We need to talk about the “Janet” in your office. You know the one. Sticky notes all over the desk and monitor labeled:

“MailChimp: Username/Password1”

Passwords are the front line of defense to your business. In most cases, it’s all that separates someone from your email, computer and network access, and all the sensitive information contained.

Password policies are company-wide initiatives to make sure that that line of defense is as strong as possible.

Here are a few starters for setting up an effective password policy.

1. Change your password every 6 months.

Keeping passwords for too long opens you to more vulnerabilities over time. In the event of an unknown breach, changing passwords also block out unwelcome parties.

2. But keep your password for a minimum of 3 months.

Hackers often try to circumvent the “I forgot my password” system. By setting your systems to require a password be kept for 3 months without system administrator intervention, you reduce the window and probability that that type of attack could occur.

3. Don’t use an old password.

This is an easy one. Older passwords have been around longer, thus increasing the chances that they may have been compromised. In the event they were secure and just phased out, make sure you have changed the password 10 times since.

4. Use complex passwords

The more intricate you can make your password, the better. Use capitalization, numbers, and symbols. One way to make it easy to remember is by replacing letters for similar symbols. Like: P@$$w0rd – but don’t actually use “password.”

5. Password Length

This one is easy. 8 characters. MINIMUM.

6. Have you heard of passphrases?

Passphrases are pseudo-sentences that can be significantly longer than passwords.

Like: Please lease lemon pledge (because who is going to guess that?)

Using Passphrases instead of passwords is just another way to decrease the risk of an account being breached.

7. Password Expiration Emails

Automated emails notify employees when it is coming time to change a password. This keeps your employees aware of when passwords will need to be changed before getting locked out of an account.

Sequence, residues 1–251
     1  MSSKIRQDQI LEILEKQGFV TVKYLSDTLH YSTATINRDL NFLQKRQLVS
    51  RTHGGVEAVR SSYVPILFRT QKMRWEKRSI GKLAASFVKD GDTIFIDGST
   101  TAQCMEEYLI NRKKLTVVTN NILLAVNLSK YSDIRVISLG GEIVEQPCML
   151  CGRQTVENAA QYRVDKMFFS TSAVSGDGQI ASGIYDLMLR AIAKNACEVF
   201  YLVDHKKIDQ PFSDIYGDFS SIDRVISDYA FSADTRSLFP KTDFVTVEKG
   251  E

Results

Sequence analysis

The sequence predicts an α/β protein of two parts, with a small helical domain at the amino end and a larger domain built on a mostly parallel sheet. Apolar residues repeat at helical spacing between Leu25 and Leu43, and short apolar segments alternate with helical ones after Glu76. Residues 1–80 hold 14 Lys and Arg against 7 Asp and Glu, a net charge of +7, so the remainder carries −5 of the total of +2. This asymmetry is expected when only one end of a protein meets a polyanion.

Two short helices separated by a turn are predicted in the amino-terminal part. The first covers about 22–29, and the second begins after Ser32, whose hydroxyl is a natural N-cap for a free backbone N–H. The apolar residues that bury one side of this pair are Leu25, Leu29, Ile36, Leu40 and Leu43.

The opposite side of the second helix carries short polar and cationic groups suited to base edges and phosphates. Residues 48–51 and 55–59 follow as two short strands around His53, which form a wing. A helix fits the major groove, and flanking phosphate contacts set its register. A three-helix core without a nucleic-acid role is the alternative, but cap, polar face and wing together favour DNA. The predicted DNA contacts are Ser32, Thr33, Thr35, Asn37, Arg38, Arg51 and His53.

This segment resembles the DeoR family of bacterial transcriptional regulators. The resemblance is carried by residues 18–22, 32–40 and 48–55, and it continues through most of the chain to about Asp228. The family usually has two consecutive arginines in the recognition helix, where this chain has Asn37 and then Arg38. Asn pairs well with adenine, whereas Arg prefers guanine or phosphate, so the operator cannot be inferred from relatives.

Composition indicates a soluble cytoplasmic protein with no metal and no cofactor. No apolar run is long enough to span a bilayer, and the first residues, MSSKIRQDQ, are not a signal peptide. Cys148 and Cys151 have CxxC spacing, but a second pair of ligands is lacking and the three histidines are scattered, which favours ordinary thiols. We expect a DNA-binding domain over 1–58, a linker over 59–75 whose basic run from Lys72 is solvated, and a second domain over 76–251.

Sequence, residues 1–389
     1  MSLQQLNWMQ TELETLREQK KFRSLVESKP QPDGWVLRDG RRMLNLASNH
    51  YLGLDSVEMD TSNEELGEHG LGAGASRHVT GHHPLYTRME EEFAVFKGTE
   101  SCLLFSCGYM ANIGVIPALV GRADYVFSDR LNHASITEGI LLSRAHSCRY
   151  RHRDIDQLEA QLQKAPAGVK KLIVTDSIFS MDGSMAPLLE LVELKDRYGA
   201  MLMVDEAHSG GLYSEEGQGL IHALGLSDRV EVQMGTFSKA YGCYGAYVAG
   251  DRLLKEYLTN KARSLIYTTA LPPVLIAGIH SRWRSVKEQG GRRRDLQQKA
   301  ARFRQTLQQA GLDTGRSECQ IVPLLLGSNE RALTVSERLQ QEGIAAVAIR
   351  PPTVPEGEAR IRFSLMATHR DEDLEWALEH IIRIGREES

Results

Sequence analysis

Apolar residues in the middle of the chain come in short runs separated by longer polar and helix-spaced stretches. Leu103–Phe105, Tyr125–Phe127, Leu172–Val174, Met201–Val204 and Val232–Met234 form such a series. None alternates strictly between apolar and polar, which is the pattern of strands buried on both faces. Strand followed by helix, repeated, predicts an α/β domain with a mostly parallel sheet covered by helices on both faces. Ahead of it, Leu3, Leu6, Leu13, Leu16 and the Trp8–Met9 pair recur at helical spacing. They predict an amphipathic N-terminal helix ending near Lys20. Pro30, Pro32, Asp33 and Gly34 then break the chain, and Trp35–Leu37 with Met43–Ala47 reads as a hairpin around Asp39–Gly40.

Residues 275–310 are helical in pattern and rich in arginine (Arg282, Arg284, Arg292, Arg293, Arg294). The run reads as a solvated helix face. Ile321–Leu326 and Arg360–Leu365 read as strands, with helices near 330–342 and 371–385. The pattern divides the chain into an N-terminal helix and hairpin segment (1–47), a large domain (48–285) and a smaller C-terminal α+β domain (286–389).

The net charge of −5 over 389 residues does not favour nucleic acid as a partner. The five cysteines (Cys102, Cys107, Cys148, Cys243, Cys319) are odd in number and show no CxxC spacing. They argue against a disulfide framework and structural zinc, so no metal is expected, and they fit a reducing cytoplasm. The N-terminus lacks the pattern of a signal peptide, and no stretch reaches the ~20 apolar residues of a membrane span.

8. “But keeping different complex passwords is difficult!”

It doesn’t have to be. Both Google and Apple have “keychain” features that store and update passwords as necessary.

If you are looking for a more secure option than something usable by anyone with access to your device, 1Password stores passwords securely and lets you use them while only having to remember one password.

Other Articles You Might Be Interested In:

Can Data Analytics Solve Your Nonprofit’s Problems?

Can Data Analytics Solve Your Nonprofit’s Problems?

 You want to improve the processes of budgeting, forecasting, and fundraising for your nonprofit; however, you are having a hard time identifying problems and solutions.  Data analytics can help. This type of business intelligence is already considered indispensable...

read more
6 Ways to Reduce IT Costs

6 Ways to Reduce IT Costs

Your business is always looking to reduce costs. Looking at the information technology budget line items is headache-inducing. So much money spent in one area, and there’s so little you can do about it! But is that really true? IT expenses may not be as fixed as you...

read more